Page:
Finsbury is a district of Central London, forming the south-eastern part of the London Borough of Islington.

Finsbury is located in Greater London
Location within Greater London
OS grid referenceTQ315825
London borough
Ceremonial countyGreater London
Sovereign stateUnited Kingdom
Post townLONDON
Postcode districtEC1
Postcode districtWC1
Dialling code020
UK Parliament
London Assembly
List of places
51°31′34″N 0°06′12″W / 51.52603°N 0.10347°W / 51.52603; -0.10347Coordinates: 51°31′34″N 0°06′12″W / 51.52603°N 0.10347°W / 51.52603; -0.10347

Finsbury was a manor which give its name to two much larger administrative areas: Finsbury Division of the Ossulstone Hundred of Middlesex, from the 17th century until 1900 and its successor until 1965 in a small part of its southern area, the Metropolitan Borough of Finsbury.

The area should not be confused with Finsbury Park, a public space roughly three miles to the north and which gives its name to its surrounding mainly residential area.


The name is first recorded as Vinisbir (1231) and means "manor of a man called Finn".[1]


The area lies immediately north of the City of London, and approximates to the part of the London Borough of Islington east of Goswell Street and south of City Road. It also includes a small area north of City Road, focused on the City Road Basin

The parts of the City of London's Coleman Street Ward that lie outside the line of the former City walls (now mostly covered by Finsbury Circus) were historically part of the Manor of Finsbury and still sometimes described as part of the area.

Finsbury Town Hall and the Finsbury Estate lie further west, in Clerkenwell and are named after the former borough of Finsbury which included both Finsbury and Clerkenwell.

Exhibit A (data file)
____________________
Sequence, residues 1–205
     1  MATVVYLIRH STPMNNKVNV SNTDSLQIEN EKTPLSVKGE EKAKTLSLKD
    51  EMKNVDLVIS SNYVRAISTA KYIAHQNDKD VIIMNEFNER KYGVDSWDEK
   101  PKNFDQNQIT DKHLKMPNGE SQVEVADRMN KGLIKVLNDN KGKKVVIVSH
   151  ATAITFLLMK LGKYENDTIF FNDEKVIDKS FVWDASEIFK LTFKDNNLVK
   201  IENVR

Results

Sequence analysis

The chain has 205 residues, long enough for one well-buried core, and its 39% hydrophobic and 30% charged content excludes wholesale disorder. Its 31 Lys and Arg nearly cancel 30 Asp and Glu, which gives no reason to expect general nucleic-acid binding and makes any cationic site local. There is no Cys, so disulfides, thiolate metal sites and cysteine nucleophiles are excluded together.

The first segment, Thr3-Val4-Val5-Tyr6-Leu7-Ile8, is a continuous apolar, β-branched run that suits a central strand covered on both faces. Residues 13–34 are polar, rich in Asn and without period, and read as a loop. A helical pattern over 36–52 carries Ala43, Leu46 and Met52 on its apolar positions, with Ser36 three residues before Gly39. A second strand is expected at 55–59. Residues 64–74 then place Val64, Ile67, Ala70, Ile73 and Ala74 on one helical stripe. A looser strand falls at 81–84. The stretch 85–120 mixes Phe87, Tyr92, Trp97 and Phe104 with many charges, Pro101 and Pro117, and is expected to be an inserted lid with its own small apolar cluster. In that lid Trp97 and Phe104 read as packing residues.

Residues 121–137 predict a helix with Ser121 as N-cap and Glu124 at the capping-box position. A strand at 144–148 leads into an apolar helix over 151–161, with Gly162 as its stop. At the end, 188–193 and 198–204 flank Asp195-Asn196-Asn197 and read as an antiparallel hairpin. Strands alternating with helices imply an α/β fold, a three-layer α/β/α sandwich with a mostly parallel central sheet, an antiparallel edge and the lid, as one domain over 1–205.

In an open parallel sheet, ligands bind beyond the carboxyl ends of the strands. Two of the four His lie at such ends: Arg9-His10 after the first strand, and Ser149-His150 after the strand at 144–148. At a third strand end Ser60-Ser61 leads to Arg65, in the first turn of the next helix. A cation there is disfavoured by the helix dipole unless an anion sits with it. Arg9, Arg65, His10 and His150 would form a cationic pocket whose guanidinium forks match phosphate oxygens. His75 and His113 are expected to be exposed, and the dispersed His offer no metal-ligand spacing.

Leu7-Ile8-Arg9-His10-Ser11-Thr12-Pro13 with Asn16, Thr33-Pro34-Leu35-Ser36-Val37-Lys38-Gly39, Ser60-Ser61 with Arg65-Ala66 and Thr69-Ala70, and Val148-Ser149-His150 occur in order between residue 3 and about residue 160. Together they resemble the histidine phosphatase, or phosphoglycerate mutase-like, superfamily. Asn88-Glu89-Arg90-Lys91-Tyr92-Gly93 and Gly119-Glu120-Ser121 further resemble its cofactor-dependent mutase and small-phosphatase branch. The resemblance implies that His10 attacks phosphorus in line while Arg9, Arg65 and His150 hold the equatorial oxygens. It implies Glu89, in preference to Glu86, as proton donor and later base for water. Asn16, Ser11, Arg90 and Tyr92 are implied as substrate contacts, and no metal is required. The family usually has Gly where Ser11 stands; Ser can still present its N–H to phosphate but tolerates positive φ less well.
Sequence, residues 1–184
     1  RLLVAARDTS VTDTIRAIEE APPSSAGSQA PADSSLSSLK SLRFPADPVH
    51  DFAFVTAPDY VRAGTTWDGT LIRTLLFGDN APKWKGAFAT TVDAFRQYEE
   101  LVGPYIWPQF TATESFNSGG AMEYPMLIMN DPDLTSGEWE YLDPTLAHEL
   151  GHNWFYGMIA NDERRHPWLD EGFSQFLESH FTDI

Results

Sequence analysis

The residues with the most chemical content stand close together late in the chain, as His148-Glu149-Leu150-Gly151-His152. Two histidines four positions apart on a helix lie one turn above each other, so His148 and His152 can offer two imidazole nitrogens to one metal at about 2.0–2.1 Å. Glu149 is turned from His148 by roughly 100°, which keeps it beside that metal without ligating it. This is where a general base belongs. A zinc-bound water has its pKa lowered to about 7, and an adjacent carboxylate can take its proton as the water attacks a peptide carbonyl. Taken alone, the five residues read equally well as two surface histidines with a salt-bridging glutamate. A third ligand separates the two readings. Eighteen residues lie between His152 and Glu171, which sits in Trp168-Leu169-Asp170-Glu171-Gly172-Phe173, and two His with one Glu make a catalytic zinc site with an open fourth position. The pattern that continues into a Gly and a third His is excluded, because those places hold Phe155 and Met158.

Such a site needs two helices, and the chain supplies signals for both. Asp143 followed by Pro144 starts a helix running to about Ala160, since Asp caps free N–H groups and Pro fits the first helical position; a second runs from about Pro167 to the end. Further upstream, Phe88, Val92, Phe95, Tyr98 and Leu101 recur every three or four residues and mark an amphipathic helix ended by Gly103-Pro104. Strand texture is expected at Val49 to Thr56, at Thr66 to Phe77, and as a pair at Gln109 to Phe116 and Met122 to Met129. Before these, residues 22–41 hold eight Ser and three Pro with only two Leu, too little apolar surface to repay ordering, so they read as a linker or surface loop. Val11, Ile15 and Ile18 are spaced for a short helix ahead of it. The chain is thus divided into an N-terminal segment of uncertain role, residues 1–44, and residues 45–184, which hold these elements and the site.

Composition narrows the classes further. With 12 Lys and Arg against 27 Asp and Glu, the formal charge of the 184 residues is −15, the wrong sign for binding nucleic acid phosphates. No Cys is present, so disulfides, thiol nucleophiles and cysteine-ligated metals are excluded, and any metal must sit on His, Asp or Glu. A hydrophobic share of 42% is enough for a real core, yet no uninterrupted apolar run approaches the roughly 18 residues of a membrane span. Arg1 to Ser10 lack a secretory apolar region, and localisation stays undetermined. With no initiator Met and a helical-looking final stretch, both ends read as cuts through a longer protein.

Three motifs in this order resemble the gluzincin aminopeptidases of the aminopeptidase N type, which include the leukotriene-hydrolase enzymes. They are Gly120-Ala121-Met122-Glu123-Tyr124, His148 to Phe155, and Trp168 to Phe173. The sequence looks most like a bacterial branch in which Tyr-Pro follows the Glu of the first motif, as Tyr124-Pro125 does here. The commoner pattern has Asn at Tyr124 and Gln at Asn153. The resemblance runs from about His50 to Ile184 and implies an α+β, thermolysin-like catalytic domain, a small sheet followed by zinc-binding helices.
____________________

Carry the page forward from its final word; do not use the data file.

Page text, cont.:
Origins and administrationEdit

In the Middle Ages, the manor of Finsbury was part of the great fen which lay outside the northern wall of the City of London.[2] It gave its name to the Finsbury division of the Ossulstone hundred of Middlesex.

Manor and parishesEdit

The Manor (estate) of Finsbury was served by the Ancient Parish of St Giles-without-Cripplegate.[3] The manor house, Finsbury Court, lay on the junction of Chiswell Street and Finsbury Pavement. The parish of St Giles-without-Cripplegate also covered an extra-mural part of the City of London known as Cripplegate Without. In the 17th Century, Little and Lower Moorfields, previously in the Manor of Finsbury and Parish of St Giles, was transferred to the Coleman Street Ward of the City of London (and also to the parish of St Stephen Coleman Street for religious purposes). This meant that Coleman Street Ward also possessed an extra-mural area.[4][5]

The estate was made over for the use of the Lord Mayor of London, by Richard II, in gratitude for the killing of Wat Tyler by Mayor William Walworth at Smithfield. After that the formal title of the Mayors has been Mayor of London and Lord of Finsbury.[6]

In 1733, the growth of the local population, led to the part of St Giles-without-Cripplegate outside the City, the area which had been the Manor of Finsbury, being made an independent parish, known as St Luke's, after the parish church.

Recent administrationEdit

The wards of Finsbury Metropolitan Borough, 1952. Finsbury was the eastern part of the borough

The Metropolitan Borough of Finsbury in the County of London was created in 1900, covering the area of Finsbury and Clerkenwell, with Finsbury Town Hall located on Rosebery Avenue, Clerkenwell. In 1938, Dr. Chuni Lal Katial was elected mayor of Finsbury, making him the first Asian mayor in the United Kingdom.

In 1942 the borough council erected a controversial bust of Vladimir Lenin at the site of a new block of flats in Holford Square (the bust was removed in the 1950s). The borough was abolished in 1965 and absorbed into the borough of Islington.